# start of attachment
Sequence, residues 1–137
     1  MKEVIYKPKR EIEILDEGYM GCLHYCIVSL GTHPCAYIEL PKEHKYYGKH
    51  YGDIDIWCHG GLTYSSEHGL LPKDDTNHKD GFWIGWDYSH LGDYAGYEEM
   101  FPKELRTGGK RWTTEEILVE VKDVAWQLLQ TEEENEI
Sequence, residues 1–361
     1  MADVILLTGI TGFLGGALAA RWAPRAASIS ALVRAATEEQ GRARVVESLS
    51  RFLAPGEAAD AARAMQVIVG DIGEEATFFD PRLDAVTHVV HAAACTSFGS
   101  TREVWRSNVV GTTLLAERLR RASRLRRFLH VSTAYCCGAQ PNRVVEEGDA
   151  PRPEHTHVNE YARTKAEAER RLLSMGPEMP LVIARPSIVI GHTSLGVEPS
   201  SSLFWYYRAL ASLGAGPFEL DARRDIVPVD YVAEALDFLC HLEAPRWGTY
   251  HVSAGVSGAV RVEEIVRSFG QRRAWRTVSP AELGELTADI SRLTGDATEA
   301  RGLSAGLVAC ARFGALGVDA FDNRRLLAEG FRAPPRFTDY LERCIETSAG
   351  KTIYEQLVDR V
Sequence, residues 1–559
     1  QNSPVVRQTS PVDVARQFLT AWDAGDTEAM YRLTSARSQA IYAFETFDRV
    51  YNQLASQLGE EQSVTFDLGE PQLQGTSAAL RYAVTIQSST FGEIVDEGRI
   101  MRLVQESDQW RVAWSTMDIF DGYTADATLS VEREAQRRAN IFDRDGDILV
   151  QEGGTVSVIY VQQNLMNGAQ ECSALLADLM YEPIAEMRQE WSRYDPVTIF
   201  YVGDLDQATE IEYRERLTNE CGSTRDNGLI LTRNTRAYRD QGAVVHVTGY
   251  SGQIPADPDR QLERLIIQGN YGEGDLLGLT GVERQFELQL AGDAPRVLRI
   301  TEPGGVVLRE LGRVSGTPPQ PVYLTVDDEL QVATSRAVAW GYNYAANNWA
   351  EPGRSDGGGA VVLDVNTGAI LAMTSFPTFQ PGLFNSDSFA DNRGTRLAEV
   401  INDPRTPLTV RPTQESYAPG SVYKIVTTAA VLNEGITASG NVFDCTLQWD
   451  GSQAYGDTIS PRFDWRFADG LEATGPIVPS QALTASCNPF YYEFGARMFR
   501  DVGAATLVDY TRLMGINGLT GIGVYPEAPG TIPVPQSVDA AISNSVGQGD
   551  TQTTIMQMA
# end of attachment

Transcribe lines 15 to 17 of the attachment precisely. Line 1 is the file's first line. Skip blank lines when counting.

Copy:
     1  QNSPVVRQTS PVDVARQFLT AWDAGDTEAM YRLTSARSQA IYAFETFDRV
    51  YNQLASQLGE EQSVTFDLGE PQLQGTSAAL RYAVTIQSST FGEIVDEGRI
   101  MRLVQESDQW RVAWSTMDIF DGYTADATLS VEREAQRRAN IFDRDGDILV